After this we could not omit his adventure with the RPF, irresistable in 1947 but miserable (déconfit/难为情)  in 1952 .  Partisan Gaullism was hoisted on the petard of its originator.  Then there remains the institutionalized Gaullism of the Fifth Republic.   Towards this, it is natural that we should withhold a response.  But is the Gaullism of the war destined to always be unforgettable?

The author then goes into a discourse on how French government was deeply impacted by Gaullism, but how society has moved well beyond its conservative mores.

This translation has been brought to you by the Lycee Francais Charles de Gaulle in South Kensington!


All the Parisians in Berlin are allegedly dejected, but they still seem to be loving life.  I knew there was a reason that my bicycle mantra for the day has been “Viva les Allemandes francophone.”

A Little Huanqiu Nationalism

If the above link to a gallery of Chinese volunteers in Vietnam [浴血南疆对越自卫反击战 ] fails to satisfy, be sure not to miss some obligatory Xinhua praise of the Boxer Movement [义和团运动 ] as “a patriotic, anti-imperialist movement of farmers in North China” or an extensive reminder in this scintillating lead from  “战后日本 关于民间“认罪”的不完全记录 [ Postwar Japan's Record Regarding Collective 'Guilt' is Not Complete]“:

如今很多日本人却不了解历史的真相。二战结束以来,日本右翼组织从未停止过扭曲史实、美化侵略的行动。几十年来,篡改教科书、参拜靖国神社、挑起钓鱼岛主权争端、阻碍奥运火炬日本传递……不仅挑拨着受害国家人民的神经,也在战争之后一次又一次伤害他们的心灵。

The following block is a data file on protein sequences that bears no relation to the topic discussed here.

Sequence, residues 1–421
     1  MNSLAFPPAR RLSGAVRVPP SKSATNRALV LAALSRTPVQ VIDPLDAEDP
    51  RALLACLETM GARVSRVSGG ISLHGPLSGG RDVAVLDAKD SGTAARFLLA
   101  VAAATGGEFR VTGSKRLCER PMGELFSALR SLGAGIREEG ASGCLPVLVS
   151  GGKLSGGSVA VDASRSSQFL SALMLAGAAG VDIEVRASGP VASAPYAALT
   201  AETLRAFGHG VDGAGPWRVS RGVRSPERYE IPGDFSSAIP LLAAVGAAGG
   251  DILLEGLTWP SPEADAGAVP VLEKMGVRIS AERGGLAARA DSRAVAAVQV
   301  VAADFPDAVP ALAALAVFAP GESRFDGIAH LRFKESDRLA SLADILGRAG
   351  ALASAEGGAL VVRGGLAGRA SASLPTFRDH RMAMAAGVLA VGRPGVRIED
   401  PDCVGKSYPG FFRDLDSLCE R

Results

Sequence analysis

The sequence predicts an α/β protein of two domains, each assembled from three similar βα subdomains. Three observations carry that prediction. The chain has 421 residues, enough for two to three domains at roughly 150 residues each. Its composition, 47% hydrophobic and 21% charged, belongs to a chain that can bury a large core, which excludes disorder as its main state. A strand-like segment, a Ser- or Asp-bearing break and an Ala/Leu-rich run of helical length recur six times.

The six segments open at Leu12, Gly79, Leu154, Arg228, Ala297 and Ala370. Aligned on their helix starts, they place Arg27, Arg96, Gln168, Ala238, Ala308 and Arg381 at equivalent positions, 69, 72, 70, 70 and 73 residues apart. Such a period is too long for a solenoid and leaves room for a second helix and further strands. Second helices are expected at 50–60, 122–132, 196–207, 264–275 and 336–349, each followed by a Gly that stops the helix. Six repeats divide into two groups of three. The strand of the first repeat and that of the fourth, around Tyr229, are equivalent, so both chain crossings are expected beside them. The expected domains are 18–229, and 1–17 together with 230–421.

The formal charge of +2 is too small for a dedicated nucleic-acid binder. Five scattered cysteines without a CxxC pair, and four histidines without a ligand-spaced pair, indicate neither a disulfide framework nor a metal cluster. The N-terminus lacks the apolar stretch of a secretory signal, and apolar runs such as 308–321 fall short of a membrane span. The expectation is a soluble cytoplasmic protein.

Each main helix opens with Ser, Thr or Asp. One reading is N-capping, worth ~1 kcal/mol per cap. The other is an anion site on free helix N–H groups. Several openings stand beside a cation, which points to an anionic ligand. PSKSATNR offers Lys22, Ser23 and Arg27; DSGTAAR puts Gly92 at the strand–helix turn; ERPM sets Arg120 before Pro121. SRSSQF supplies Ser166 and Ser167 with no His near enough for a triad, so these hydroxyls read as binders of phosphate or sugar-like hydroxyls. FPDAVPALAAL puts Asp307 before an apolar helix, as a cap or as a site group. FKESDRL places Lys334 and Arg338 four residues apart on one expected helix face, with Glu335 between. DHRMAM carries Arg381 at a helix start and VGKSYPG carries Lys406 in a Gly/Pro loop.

Nothing like a little nationalist orthodoxy to act as an astringent for the day.  Or perhaps the Huanqiu scribes and editors, like many journalists, are under pressure to just fill space and back up the bulwarks with such stories.

浴血南疆对越自卫反击战

Archives Week

This week, and next as well, I’m in Berlin for the annual spelunking of the Bundesarchiv, Germany’s premier archive.  The Bundesarchiv is a treasure house of information, if you can find it, that is.   The archive is hidden away in a leafy corner of Lichterfelde West just past Kadettenweg on the grounds of an officer’s school with roots in the Prussian past, all within a gated campus which was once used by US occupation officials as a barracks for Americans.   In short, it is a deeply layered thing.

Take, for instance, this random find, a listing sent by the German Institute for Foreign Science to the German Foreign Ministry in 1942, in response to the latter’s request for a list of people in Berlin who were good with the Turkish language.

And no, you can’t find this stuff sitting in your house, that is, unless you are a former Nazi official, circa 1942, and you generally can’t find it online.  (And some people can’t read German, but they should be working along with me to remedy that deficiency as well.)  The challenge with archival materials is always and perpetually to balance the need for incessant exploration with the equally present (though not always overpowering) desire to see the material into print.  I’ve found the Bundesarchiv materials to be extremely helpful, however, in many regards, not least of which is as a spur to keep my German language relatively limber and, more importantly, give me a better sense of the breadth and success of Chinese foreign policy with East Germany in the 1950s-1980s, East German aid to North Korea, and the complex ties between Japan and Nazi Germany in the 1930s.